How to Make Planning a Group Holiday Less of a Chore and More Fun with Your Family and Friends!
Article Updated November 2018
Planning a group holidays are always a good idea at inception. What could be better than exploring the world together with your closest friends whilst the kids grow up with these fond memories? In most cases, they only ever remain as good ideas once the planning process starts and a commitment is required. At Family Globetrotters, we have become very adept at planning a group holiday with our circle of friends but for every 10 hair brain ideas we come up with, only about 2 will actually come to fruition.
The important thing to note is to never give up and continue to explore possible group trips together as the ones that did end up getting off the ground, have been wonderful experiences and the children will forever remember these group holidays. Here are some tips of how to plan group travel and making it work:
USEFUL TRAVEL TIPS
- #01 – PICKING THE RIGHT FRIENDS
- #02 – SET SOME BOUNDARIES
- #03 – ASSIGN DUTIES
- #04 – HAVE REGULAR MEET UPS
- #05 – SET UP A GROUP CHAT
- #06 – HOW TO USE A FACEBOOK GROUP FOR PLANNING
- #07 – HOW TO PLAN A GROUP ITINERARY
- #08 – MAKE A COMMITMENT
- BONUS TIP #1 – RELATED ARTICLES
#01 – PICKING THE RIGHT FRIENDS
The dynamics of the group is very important for a successful group holiday. It would be ideal to travel with like-minded people in terms of interests, budgets and personalities but if that’s not possible, you should at least be good enough friends that you can either compromise or be respectful of each other’s idiosyncrasies.
That way you’ll know what to expect when faced with an unexpected scenario or be prepared to do something you may not enjoy purely because you respect your friends enough to go with the flow. This of course also applies to the children. It would be most helpful if they’re able to get along and provide each other good company during the holiday.
We happen to have a few friends who only have boys and we always ask Hannah if she’s ok to travel with them. Hannah is pretty good at going with the flow but getting her buy in is important.
#02 – SET SOME BOUNDARIES
It is advisable to set tangible guidelines to assist with the group planning process. This should include important points such as possible travel dates, must do destinations, budgets, kid friendly activities and accommodation type. This will help to narrow the research process and also ensures that everyone involved are on the same page.
#03 – ASSIGN DUTIES
It is always easier to have one organiser but it’s a big job so we recommend splitting up the tasks so that everyone is equally responsible for planning the trip. Someone can be in charge of the flights, another person can research lodging options, so on and so forth.
On my recent rip to Europe, we visited 4 different cities from Zagreb to Munich. And as there were 4 of us, we took charge of one city each and we were responsible from the how to get to the city to when we left and everything in between. This meant that for 3/4 of the tirp, I didn’t turn my brain on and just enjoyed the holiday. This group travle strategy worked really well for us and we will deifnitely do it again.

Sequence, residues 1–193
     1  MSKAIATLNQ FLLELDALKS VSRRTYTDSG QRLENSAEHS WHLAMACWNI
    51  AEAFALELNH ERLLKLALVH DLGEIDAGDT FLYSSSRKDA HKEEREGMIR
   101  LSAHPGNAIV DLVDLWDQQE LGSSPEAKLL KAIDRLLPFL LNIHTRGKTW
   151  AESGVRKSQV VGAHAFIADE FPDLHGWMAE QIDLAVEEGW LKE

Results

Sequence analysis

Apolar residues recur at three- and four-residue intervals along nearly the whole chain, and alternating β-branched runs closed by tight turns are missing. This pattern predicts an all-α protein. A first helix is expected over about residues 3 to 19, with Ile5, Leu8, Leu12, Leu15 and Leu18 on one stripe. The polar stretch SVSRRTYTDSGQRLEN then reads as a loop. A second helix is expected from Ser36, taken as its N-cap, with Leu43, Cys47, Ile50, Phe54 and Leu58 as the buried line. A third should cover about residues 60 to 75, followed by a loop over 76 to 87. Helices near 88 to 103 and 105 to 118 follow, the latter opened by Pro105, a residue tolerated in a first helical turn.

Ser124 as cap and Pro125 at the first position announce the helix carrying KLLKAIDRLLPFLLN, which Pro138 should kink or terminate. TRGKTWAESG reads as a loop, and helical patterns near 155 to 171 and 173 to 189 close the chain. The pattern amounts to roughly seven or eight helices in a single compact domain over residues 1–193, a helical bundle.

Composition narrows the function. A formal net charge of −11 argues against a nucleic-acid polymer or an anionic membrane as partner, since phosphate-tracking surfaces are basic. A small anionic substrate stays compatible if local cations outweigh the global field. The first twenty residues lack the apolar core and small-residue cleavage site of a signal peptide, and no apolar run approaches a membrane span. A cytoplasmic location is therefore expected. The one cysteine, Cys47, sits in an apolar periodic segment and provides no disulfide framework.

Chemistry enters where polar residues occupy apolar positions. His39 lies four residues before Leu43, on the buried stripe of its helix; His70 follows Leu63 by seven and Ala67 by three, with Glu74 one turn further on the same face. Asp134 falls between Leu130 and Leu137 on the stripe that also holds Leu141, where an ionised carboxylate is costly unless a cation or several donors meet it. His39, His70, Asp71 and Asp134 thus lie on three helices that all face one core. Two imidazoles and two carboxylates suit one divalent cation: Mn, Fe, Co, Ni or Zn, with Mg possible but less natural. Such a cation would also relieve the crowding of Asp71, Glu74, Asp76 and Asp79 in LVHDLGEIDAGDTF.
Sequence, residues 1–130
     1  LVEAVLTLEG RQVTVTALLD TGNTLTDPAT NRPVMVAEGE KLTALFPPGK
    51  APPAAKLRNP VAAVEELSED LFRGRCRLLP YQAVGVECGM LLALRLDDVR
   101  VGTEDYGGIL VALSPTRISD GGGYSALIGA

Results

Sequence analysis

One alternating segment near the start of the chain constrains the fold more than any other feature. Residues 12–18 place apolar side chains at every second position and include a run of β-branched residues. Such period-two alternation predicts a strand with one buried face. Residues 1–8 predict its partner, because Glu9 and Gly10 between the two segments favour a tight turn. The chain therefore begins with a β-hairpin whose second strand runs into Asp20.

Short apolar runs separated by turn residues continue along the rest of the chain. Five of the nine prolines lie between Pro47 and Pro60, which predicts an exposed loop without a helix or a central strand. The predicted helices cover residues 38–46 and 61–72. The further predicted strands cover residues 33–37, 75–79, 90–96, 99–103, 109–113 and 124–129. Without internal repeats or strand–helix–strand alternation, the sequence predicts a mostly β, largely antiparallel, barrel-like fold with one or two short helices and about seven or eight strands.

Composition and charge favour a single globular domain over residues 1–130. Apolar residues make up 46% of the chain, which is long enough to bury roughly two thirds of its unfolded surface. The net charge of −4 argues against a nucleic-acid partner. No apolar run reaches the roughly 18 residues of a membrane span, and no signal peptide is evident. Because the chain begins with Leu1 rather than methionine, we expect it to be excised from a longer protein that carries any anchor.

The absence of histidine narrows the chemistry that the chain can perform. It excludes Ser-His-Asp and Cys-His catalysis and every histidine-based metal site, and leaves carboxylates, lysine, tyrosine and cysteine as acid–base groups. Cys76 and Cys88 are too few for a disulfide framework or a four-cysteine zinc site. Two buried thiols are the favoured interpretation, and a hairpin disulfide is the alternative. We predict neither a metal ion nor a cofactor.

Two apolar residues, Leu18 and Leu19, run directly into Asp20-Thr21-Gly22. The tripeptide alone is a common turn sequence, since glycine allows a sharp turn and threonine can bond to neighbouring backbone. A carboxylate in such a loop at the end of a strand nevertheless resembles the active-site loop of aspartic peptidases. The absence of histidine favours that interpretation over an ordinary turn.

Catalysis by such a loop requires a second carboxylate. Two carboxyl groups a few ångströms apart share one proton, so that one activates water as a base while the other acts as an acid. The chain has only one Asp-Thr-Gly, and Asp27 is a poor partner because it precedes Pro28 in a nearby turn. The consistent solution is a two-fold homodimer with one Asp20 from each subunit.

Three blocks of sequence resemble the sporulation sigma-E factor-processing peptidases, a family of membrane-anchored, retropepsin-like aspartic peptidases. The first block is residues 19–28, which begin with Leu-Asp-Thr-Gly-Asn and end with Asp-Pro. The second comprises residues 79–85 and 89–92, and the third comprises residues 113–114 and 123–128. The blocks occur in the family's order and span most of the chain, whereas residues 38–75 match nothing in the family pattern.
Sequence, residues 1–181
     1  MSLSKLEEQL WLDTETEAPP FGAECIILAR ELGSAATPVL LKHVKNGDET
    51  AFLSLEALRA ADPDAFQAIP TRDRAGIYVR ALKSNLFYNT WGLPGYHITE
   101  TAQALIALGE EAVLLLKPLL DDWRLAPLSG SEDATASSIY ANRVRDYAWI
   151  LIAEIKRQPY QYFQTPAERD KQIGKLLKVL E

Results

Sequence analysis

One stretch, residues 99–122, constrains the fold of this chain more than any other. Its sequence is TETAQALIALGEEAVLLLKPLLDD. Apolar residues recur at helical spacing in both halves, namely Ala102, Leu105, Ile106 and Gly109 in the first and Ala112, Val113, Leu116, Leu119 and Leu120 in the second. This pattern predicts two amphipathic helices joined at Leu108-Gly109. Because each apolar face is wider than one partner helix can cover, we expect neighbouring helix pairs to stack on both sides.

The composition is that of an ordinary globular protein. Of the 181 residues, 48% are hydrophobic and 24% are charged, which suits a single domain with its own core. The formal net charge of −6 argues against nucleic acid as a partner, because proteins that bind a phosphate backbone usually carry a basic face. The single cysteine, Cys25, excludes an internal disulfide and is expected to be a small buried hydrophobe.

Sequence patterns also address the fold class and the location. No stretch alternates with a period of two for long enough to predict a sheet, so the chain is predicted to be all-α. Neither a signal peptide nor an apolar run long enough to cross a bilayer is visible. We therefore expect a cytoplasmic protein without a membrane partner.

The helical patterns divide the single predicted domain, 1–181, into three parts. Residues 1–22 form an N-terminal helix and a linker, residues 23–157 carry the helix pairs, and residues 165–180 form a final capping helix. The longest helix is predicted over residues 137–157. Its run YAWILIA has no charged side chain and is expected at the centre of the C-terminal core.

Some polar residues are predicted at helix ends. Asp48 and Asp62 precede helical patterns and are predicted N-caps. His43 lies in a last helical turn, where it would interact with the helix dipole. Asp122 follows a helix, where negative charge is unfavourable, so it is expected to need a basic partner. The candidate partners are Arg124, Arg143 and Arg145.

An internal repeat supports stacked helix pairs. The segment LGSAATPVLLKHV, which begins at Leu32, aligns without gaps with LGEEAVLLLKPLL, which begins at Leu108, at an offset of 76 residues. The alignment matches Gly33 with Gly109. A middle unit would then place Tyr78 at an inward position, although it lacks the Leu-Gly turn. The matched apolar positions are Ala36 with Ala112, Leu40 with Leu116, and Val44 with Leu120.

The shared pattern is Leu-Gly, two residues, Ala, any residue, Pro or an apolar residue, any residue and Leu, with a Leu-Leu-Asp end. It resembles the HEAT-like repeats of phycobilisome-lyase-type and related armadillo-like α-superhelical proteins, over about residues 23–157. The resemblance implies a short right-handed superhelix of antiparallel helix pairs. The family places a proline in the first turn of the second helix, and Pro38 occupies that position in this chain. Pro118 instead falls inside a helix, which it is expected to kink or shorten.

#04 – HAVE REGULAR MEET UPS
Have regular get togethers to bring to the table where everyone is at with their tasks. FaceTime and Skype certainly come in handy when planning a holiday with friends who live in different cities or countries. It would be very useful if decisions can be made at the meeting to reduce the action list. During the meetings, any potential curveballs should be discussed, clarifications should be sought and defined and most importantly, have loads of fun!
On our recent trip to Vietnam with 4 families, we had regular meetings where we pretty much did the entire planning from start to finish together. For this group holiday planning process it didn’t work that we took one city each. We preferred to make all decisions together. This group was a little diverse in terms of interests and budgets so it was important we made the group travel decisions together.
#05 – SET UP A GROUP CHAT
Set up a group chat with at least one of the decision makers within each family. This way any adhoc requirements or actions that need to be taken immediately can be easily communicated. We were once planning for an interstate trip for 8 families of which we were in charge of monitoring suitable sale fares.
Once the stars all aligned in terms of dates with cheap fares, we sent out a message on the group chat for everyone to get online and book straightaway. In less than an hour, 16 adults and 18 toddlers had booked to go on the same flight and we were bound for a beach holiday of a lifetime!Planning travel with family and friends doesn't have to be a daunting task. Here are 8 Tips for Planning a Group Holiday #grouptravel #familytravel #bestholidayever Click To Tweet